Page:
The latest of them in WA is the Montebello 12.5, a Queensland-built, custom finished fibreglass-foam sandwich power cat. To illustrate the extent of the custom work on offer, Craig Quinn the owner of the review boat has a 2.05m-tall son and specified a 2.13m headroom, and beds of the same length. And like so many Sandgropers, he wanted a hardtop over the fly bridge instead of the fabric so much loved by Queenslanders. He was duly given a specially moulded structure that has since become a popular option with east coast buyers.
There is a limit to the changes you can ring to the interior of a catamaran of a given size, but the 12.5 seems to have squeezed out a little extra space – perhaps the extra headroom gave a bonus. The beds in all three cabins run fore and aft, they all have good overhead clearance, and there is a good area of deck alongside each of them.
Catamarans generally do bathrooms well, and the 12.5’s is no exception. More than a third of the starboard hull has been devoted to what is actually a pair of rooms rather than a divided compartment. Luxury indeed.
The really spacious parts of catamarans are the saloon and cockpit, and usually they are also integrated with each other better than on monohulls. The Montebello’s saloon features a long L-shaped lounge to port, and an extravagantly equipped galley to starboard that is capable of industrial quantities of production. A table makes the lounge into a dinette when wanted, or can be shifted to the cockpit. With the table removed, the saloon could house a cocktail party for a dozen or more.
But the cockpit is the more logical place for that, and would push the potential numbers up beyond 30. Space really is on offer here, and the timber deck can accommodate any number of folding chairs, dancing couples, divers or anglers, completely shaded by a hardtop with fabric extension. At the transom is a barbecue unit rivalling the galley in capability, and forward, convenient for both food centres, is a king size snap freezer.
Movement forward from the cockpit is better catered for than most other boats. Side rails are to charter boat quality (the whole boat is built to commercial standards), and high-level grab rails back them up. Access to the fly bridge is by open tread stairs and similarly secure.
The bridge, reaping the benefit of a 4.55m beam, is another spacious social area. It is also the sole driving position, freeing up space in the saloon, and all-weather control stations deserve their hardtops. This one is special. It is essentially a wheelhouse with full lining, the rear of it enclosed by clears, but with exceptional amounts of ventilation. The side windows slide, and small windows below the windscreen hinge open. This natural ventilation is a feature of the boat and Craig chose not to fit air-conditioning, but the builder installed all the necessary ducting and wiring in case he changed his mind later.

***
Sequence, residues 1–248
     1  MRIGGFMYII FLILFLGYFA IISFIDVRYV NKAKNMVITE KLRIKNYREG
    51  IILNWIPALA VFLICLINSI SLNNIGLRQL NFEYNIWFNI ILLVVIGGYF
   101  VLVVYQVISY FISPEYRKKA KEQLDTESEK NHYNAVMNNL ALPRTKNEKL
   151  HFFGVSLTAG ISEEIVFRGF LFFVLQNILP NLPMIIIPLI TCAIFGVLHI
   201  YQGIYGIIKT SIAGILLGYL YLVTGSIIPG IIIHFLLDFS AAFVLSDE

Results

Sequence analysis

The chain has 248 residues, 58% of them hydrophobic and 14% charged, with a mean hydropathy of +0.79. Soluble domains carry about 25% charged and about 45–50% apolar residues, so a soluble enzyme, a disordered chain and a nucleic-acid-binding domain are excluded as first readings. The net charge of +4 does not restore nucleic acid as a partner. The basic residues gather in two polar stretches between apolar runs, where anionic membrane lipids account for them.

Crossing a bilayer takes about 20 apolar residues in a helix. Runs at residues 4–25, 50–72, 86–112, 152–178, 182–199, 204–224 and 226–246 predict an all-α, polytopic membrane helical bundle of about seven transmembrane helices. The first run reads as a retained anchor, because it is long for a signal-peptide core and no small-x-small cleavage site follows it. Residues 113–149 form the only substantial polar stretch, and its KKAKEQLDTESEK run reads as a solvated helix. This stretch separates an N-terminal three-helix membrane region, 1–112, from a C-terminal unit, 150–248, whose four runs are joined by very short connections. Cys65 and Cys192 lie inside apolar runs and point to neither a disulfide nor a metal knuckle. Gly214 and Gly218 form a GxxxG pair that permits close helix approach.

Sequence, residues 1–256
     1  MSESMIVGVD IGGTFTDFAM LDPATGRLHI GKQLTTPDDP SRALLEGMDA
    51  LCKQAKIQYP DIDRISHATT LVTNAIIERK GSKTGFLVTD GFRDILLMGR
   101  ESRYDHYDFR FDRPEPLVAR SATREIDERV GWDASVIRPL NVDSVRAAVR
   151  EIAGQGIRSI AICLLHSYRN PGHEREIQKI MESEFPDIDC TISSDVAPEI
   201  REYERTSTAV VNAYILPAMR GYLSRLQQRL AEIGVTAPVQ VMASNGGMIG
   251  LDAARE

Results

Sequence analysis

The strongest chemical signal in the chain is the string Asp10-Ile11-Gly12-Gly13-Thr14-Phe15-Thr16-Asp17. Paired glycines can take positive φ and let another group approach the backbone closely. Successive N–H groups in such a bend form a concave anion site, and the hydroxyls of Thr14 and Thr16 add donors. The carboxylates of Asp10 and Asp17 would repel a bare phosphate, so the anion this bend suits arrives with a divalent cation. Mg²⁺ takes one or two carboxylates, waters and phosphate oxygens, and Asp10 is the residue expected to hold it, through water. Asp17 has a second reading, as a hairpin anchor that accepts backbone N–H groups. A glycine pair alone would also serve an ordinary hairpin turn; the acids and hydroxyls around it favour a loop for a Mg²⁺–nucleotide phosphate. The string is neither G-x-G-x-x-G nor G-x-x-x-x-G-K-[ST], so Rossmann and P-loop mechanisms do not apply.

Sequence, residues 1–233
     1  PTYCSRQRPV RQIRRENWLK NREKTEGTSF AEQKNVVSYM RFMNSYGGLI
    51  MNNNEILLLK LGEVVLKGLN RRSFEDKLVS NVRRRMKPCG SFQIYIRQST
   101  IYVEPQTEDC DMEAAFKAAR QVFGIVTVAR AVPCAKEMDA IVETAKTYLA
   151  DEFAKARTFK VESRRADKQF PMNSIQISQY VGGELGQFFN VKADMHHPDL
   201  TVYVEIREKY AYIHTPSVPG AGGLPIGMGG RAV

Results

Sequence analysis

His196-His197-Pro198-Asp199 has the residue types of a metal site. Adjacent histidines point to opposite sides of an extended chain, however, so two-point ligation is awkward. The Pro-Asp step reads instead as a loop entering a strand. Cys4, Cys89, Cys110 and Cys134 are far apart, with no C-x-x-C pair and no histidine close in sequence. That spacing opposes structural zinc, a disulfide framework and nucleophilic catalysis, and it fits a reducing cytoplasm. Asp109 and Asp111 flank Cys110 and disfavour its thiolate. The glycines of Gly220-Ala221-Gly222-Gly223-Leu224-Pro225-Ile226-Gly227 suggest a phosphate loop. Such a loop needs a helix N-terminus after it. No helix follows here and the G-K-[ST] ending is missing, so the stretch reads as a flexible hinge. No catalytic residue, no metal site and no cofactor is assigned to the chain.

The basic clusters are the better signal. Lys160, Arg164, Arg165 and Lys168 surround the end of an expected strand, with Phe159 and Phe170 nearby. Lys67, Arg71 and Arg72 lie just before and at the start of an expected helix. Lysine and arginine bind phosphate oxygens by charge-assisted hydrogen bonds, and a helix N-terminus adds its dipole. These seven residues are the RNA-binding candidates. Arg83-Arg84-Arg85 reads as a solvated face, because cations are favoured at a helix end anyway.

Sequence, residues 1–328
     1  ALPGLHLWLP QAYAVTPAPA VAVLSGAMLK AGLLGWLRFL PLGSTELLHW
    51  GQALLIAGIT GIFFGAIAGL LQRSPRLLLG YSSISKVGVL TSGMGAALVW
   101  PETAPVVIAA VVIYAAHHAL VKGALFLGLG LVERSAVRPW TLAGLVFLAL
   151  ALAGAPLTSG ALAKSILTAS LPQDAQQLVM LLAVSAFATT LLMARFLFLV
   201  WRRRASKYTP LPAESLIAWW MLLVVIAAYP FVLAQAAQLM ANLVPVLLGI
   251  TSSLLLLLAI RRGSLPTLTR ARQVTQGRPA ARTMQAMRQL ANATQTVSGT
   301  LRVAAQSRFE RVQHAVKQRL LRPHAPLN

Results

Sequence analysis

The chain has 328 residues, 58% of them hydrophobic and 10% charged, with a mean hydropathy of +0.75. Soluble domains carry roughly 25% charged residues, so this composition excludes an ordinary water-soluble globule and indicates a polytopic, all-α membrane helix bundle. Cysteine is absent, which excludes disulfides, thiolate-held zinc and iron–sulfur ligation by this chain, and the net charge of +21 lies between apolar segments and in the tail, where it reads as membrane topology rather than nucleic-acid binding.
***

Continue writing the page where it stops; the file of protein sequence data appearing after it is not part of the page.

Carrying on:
An ingenious space saving feature on the bridge is the table that uses the driver’s seat as its base. Extremely comfortable in its normal role, the seat can fold out to horizontal and accept a lightweight tabletop.
A welcoming spot for relaxing, the bridge is even better in its working role. The driver has a superb view through the three windscreen panels, each with its own wiper, and he faces a neatly laid out console. Here are the autopilot control, a mass of switchgear, and the twin Simrad displays that allow radar, sounder and plotter to share space in any ratio. There are no side thrusters fitted, but the wide spacing of a cat’s motors gives exceptional manoeuvring from differential power.
Catamarans are traditionally tamers of nasty seas, and the review day gave the opportunity to demonstrate those qualities: well over 20 knots of wind with seas to match, and a big swell rolling through them. At eight knots coming out of Fremantle heads the cat was moving uncomfortably, but as soon as the throttles went forward things changed. The pitching motion was reduced, the hulls partly cutting through the seas rather than just rising to them. Like some other good boats, increased speed meant increased comfort.
The standard engines are a pair of 315hp Volvos which would probably be fine for longer range cruising, but the review boat’s 435s felt like the real deal for typical WA use. Instant throttle response and plenty of speed – 34 knots flat out – but reasonable fuel economy. At 25 knots combined fuel use is 71L/hr, or 2.84L/mile.
Craig bought the review boat with mostly traditional WA uses in mind – Rottnest and other near-metro destinations. But with a range close on 500 miles, and with a first class sea going ability, it cries out for at least the occasional trip to the Abrolhos and beyond.
Fuel capacity 1,400L
Fresh water 600L
Motors 2 x 435hp Volvo diesels